Kind thanks in advance,
Brian Carter, Winemaker
Having just returned from the vineyards in Eastern Washington, I can report that veraison is underway. Veraison is when grape berries change color and texture on their way to ripening. Before veraison, the berries are hard and green, while after the berries are soft and red or light yellow, depending on the grape variety. This transformation is much easier to see in red varieties where it is easy to see the percentage of berries have changed color. In the picture to the left, about half the berries are either starting or are through the process of veraison. This picture was taken at Stone Tree Vineyard, Wahluke Slope, where veraison was the most advanced of the ten vineyards I visited this week.
Veraison can be a critical time for winemakers and growers. It marks an essential transition for the ripening process. There are a couple of thoughts on how long it takes between veraison and harvest, all of which depend on the area, weather and the grape variety. Some people say six weeks is a good measure, but it indeed can be longer or shorter. In any case, it is time to start getting the picking bins and tanks ready; harvest is right around the corner!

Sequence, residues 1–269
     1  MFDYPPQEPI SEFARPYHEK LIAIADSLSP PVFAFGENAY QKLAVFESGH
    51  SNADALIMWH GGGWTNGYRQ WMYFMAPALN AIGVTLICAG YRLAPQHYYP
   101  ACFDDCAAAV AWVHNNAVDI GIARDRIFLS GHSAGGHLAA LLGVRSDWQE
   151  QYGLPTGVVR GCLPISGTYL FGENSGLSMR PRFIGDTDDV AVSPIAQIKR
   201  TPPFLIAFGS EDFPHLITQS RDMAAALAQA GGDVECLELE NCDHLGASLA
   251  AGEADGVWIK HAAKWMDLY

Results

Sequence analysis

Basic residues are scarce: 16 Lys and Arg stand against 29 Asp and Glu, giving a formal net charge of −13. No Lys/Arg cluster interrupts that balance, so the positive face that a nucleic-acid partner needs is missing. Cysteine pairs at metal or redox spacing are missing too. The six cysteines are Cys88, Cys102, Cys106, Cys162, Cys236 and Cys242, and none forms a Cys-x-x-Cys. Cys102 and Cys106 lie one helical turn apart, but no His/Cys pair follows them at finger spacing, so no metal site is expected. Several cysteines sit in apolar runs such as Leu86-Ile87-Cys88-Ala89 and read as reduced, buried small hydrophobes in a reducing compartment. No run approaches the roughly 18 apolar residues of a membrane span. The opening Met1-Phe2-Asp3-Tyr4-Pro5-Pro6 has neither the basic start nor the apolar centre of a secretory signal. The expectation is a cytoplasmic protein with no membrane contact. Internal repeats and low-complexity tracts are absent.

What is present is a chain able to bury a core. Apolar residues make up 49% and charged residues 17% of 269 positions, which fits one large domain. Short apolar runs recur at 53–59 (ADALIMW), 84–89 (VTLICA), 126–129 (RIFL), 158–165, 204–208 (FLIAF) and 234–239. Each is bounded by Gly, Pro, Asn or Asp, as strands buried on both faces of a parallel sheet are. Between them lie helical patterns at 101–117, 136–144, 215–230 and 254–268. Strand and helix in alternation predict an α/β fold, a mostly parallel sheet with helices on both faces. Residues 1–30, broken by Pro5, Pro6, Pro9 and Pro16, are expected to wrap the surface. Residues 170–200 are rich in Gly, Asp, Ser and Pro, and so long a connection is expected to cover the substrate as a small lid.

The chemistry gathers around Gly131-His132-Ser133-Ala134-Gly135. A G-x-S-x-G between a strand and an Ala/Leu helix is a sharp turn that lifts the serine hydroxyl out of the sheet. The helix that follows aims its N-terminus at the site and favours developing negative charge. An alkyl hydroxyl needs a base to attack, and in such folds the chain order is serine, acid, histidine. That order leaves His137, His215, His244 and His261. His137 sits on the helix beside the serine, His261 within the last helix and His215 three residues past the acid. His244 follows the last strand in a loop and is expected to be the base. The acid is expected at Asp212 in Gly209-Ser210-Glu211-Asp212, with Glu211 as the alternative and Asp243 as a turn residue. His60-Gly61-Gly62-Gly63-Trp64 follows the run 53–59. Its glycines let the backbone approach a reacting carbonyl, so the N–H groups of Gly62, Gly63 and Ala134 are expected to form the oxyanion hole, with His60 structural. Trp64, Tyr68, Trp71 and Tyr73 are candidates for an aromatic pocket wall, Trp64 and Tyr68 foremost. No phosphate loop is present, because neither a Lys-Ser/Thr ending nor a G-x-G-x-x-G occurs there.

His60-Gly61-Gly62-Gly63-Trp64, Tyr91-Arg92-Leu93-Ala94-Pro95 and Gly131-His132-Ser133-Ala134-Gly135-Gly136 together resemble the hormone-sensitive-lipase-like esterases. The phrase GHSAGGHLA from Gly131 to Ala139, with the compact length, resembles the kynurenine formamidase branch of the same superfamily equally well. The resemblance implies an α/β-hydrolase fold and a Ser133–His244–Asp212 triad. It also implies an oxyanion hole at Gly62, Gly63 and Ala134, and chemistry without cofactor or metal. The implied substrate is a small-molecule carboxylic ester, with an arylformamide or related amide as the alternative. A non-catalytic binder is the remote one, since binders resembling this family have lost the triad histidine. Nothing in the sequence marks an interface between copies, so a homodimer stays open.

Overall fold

Veraison can also be an important time to start the process of ‘green thinning.’ Winemakers and growers work together to determine if the vine is in balance: is there the appropriate amount of crop on the vine for the fruit to ripen in a timely way and maximize quality? If the crop is too large, this is a particularly good time to trim some of the clusters as it is easy to see which ones are lagging behind. When the greener clusters are thinned in favor of the redder ones, it evens out the ripeness of the clusters on the vine and is an important quality consideration as it will lead to more uniformly ripe clusters when picked. Some varieties tend to ripen more evenly than others, so this process is more important in varieties that tend to have uneven ripeness such as Petit Verdot. It is important to time ‘green thinning’ so that you can see the lagging green clusters. Often this is when about 80% of the berries have completed veraison. On my latest trip, most of the vineyards were still little early for green thinning to occur. I will be returning in a few weeks to walk the vines and talk to the growers on how to proceed.
~Brian Carter, Winemaker
Brian Carter Cellars was awarded the “Winery of Distinction” award at the 23rd annual Northwest Wine Summit, for capturing twelve medals across a full spectrum of styles.
Brian Carter Cellars was awarded four ‘Best of Category’ for 2013 Le Coursier, 2013 Solesce, 2013 Ace, and 2015 Opulento.
Brian Carter is “deeply honored to have Brian Carter Cellars chosen for this highly competitive award, especially in a year where we are remembering Parks Redwine. This award along with the many honors we have received is a great tribute to the Washington growers who provide us with such superlative grapes and to my hardworking staff who continue to contribute to making Brian Carter Cellars great.”